What CMOs Can Learn from Technologists

In recently taking on a role as an agency CMO (thanks, MRY), one of the stories I found interesting about the move is that someone with a role that focused on scouting emerging tech was moving into a marketing management position. Now, I've never been a technologist by a classical definition – "a person who uses scientific knowledge to solve practical problems," as I've been more of a resident technophile. But nonetheless, the technologist title has been used more broadly, so I took a broader look at which values technologists embrace that translate well to marketers. That's the theme of the latest byline in Ad Age

The article begins:

Chief marketing officers will always need to craft strategy, communicate effectively and manage a team. But now, and in years to come, they will benefit from paying close attention to technologists. Here's what CMOs should learn from them:

Rapid prototyping. 3D printing is the best known form of rapid prototyping, creating physical parts from digital data. The name is much more fitting than terms like "optimization" or "experimentation" that try to capture the challenge of constantly adapting and innovating. Rapid prototyping means coming up with an idea, bringing it to life and then conceiving the next idea while the first program is hatching. While it has been around in some form since the 1980s, rapid prototyping is just starting to enter the broader professional lexicon, and it may move into popular parlance from here. Current tools and technologies allow anyone to engage in rapid prototyping. But relatively few will do it well.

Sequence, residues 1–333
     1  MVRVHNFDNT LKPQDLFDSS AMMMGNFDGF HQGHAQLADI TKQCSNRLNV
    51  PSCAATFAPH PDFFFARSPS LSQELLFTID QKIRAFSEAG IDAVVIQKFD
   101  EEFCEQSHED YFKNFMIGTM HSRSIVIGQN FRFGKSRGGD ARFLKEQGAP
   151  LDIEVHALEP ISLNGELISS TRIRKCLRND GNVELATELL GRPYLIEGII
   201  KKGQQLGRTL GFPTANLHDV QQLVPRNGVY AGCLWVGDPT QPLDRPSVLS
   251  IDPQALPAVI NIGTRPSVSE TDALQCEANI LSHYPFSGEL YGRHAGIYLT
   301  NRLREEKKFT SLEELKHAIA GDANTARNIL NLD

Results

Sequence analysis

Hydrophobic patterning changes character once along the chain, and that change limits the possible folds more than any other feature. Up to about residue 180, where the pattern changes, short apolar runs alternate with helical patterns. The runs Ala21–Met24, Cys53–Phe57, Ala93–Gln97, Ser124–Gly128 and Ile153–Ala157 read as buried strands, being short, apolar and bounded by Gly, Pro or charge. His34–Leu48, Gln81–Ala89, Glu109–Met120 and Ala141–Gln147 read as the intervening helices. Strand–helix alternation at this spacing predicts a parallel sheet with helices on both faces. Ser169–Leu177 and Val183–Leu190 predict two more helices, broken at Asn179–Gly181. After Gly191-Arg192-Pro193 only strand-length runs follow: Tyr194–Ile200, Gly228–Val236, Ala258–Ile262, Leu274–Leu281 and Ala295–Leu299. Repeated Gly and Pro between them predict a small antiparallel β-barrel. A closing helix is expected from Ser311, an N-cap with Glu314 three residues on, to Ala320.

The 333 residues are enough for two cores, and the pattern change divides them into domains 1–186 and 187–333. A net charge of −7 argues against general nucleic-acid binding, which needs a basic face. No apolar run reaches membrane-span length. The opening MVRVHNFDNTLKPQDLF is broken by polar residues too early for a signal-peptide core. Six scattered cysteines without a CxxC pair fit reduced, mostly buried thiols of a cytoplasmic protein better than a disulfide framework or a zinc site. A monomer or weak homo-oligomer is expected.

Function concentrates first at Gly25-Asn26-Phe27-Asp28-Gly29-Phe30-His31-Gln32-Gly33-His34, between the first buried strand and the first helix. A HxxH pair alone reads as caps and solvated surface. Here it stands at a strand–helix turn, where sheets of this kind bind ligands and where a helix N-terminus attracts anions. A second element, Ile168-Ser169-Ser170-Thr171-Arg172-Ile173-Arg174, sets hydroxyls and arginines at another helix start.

There's much more, including:

  • Collaborate in a zero-sum game
  • Stay up on the skills that matter
  • Live in constant beta

Read the whole piece at Ad Age, and let me know what else you think marketers can learn from technologists.

 

One thought on “What CMOs Can Learn from Technologists

  1. Enjoyed this blog post. In my experience, the technologists that I work with approach tech problems as puzzles to solve … it isn’t a matter of how, but when, as they iterate and try a range of possible solutions. I find this is true as a marketer … as I puzzle over understanding my consumer until I unlock the right approach that resonates:)
    Also, I am a big fan of @DanZarella, who compiles and analyzes the “science of social” data for Hubspot … So maybe, we are scientists after all!

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